Is the worst finally over for Singapore office rents?

Rents are estimated to have risen 1.2% in Q2, the first ever increase since the pandemic hit.

Singapore’s Grade A CBD office rent posted its first uptick since caving under the stress of the COVID-19 pandemic, according to JLL’s preliminary estimates.

Specifically, the average monthly gross effective rents of Grade A CBD office space is estimated to have risen 1.2 per cent quarter-on-quarter (q-o-q) to SGD 9.90 per sq ft in 2Q21, from SGD 9.79 psf in 1Q21. This follows two consecutive quarters of slowing rent correction and is a positive sign that office rents have embarked on the road to recovery.

On the drivers for the rent uptick in 2Q21, Ms Tay Huey Ying, Head of Research and Consultancy for JLL Singapore explains, “The successful containment of the COVID-19 virus that led to Singapore’s economy re-opening in Phase 3 on 28 December 2020, coupled with the roll-out of the vaccination programme, have improved market sentiment and raised occupier confidence. This has slowed down business downsizing and emboldened some corporates to consider expansions or set up offices in Singapore. The strengthening demand has provided the impetus for rent growth in 2Q21.”  

Mr Andrew Tangye, Head of Office Leasing & Advisory, JLL Singapore adds, “Leasing activity has picked up since the start of the year with interest coming mainly from growth sectors such as technology, wealth management, family businesses and healthcare. The growing emphasis on sustainable workplaces and employees’ wellness and health is driving demand to the better quality, newer and greener office assets. These are the ones leading the current rental uptrend.”    

Attesting to Mr Tangye’s point, 70 per cent or more of the 0.8 million sq ft of office space completing in 2021 from new buildings such as Afro-Asia and Capita Spring have already been taken up as of 2Q21.

JLL remains optimistic about the prospects of Singapore’s office leasing market and expects Grade A CBD office rents, which have edged up 0.9 per cent in 1H21, to continue to firm up in 2H21, potentially culminating in a full-year growth of 2 to 3 per cent. 

Ms Tay reasons, “The recent reversal of relaxation of some COVID-19 safe management measures has not unduly rattled market confidence nor dampened occupier sentiment. Demand for office space is expected to grow on the back of global economic recovery and Singapore’s attractive offerings. While the trend towards hybrid work could see occupiers continuing to rationalize their real estate requirements, space reduction from these exercises will be disproportionate to the number of employees switching to remote working. This is because corporates will need to provide a greater variety of work points such as collaboration, socializing and focus workspaces to cater to the new role of offices. There is also a pressing need to de-densify offices in response to rising employees’ expectations for a less dense workplace of the future.”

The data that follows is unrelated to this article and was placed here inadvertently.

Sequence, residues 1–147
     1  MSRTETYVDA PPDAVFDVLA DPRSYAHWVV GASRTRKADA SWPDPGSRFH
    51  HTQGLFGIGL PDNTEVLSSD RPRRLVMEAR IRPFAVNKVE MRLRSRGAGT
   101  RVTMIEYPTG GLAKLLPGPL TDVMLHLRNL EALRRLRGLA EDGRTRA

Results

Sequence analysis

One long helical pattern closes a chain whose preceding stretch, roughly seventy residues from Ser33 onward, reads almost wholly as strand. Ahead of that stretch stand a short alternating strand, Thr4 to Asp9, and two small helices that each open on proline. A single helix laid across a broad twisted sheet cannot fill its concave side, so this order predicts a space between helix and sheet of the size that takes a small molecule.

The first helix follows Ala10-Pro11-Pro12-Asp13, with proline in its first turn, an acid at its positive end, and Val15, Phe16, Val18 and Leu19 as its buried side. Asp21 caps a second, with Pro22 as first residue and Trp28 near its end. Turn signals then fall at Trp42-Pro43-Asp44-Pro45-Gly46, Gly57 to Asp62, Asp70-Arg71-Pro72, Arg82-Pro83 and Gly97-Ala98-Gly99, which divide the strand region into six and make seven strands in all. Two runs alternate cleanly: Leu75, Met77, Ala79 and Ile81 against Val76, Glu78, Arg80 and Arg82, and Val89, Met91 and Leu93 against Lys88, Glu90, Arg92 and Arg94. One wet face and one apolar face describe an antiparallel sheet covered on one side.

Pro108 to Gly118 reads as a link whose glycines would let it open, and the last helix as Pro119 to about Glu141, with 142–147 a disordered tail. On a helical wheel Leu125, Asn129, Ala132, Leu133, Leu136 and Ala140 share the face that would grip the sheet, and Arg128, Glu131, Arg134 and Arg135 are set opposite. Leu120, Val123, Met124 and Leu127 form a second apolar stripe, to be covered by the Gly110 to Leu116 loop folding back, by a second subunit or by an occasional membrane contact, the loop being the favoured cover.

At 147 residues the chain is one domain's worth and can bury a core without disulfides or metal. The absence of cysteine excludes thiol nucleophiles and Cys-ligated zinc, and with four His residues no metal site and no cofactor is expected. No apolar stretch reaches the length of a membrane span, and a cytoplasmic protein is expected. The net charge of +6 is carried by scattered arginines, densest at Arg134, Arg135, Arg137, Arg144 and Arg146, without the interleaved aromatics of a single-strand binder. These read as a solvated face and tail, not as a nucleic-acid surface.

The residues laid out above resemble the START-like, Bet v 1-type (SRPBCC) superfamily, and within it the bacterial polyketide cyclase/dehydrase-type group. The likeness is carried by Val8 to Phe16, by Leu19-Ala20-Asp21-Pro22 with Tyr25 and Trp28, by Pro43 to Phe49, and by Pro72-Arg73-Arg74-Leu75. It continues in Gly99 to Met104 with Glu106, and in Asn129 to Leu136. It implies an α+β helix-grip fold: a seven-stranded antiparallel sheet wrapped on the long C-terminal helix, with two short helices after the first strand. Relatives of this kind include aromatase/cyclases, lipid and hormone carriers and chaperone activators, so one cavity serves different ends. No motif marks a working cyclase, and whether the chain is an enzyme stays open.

In all, Grade A CBD office rents fell a moderate 9.5 per cent since peaking at SGD 10.81 psf/month in 4Q19. The 9.5 per cent dent in Grade A CBD office rents in the pandemic led crisis is only a fraction of the 56.5 per cent plunge recorded over six quarters from 2Q08 to 4Q09 due to the impact of the Global Financial Crisis (GFC).

Ms Ting Lim, Head of Capital Markets for JLL Singapore says, “This speaks volumes about how demand for Singapore as an office location has become much more robust, diverse and tenacious compared to a decade ago, and is one of the key reasons for investors’ unwavering interest in Singapore’s office assets.” 

Amidst Singapore’s worst post-independence economic recession, investors injected 270 per cent more capital into the sector in 2020 than during the GFC. Year-to-date, investors have acquired some SGD 1.71 billion worth of Singapore office assets (equivalent to 76 per cent of the office sales quantum in full-year 2020) with a record price of SGD 4,050 psf set for a strata floor in Samsung Hub in June 2021.

Ms Lim concludes, “The affirmation that Singapore’s office rents have bottomed will likely intensify competition for asset acquisitions and drive a fresh wave of price appreciation.” 


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